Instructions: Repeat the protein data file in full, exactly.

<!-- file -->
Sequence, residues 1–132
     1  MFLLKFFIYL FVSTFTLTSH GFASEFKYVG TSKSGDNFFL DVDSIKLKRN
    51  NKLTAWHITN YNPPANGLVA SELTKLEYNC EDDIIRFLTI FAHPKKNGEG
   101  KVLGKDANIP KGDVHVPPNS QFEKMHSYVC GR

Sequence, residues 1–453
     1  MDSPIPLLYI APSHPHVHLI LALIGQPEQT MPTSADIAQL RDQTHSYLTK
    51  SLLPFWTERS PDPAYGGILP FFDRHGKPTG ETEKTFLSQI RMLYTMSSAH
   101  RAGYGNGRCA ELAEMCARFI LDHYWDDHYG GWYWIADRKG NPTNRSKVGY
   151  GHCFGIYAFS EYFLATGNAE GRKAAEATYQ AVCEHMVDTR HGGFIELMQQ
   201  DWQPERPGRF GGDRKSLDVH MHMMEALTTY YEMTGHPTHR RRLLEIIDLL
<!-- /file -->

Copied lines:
Sequence, residues 1–132
     1  MFLLKFFIYL FVSTFTLTSH GFASEFKYVG TSKSGDNFFL DVDSIKLKRN
    51  NKLTAWHITN YNPPANGLVA SELTKLEYNC EDDIIRFLTI FAHPKKNGEG
   101  KVLGKDANIP KGDVHVPPNS QFEKMHSYVC GR

Sequence, residues 1–453
     1  MDSPIPLLYI APSHPHVHLI LALIGQPEQT MPTSADIAQL RDQTHSYLTK
    51  SLLPFWTERS PDPAYGGILP FFDRHGKPTG ETEKTFLSQI RMLYTMSSAH
   101  RAGYGNGRCA ELAEMCARFI LDHYWDDHYG GWYWIADRKG NPTNRSKVGY
   151  GHCFGIYAFS EYFLATGNAE GRKAAEATYQ AVCEHMVDTR HGGFIELMQQ
   201  DWQPERPGRF GGDRKSLDVH MHMMEALTTY YEMTGHPTHR RRLLEIIDLL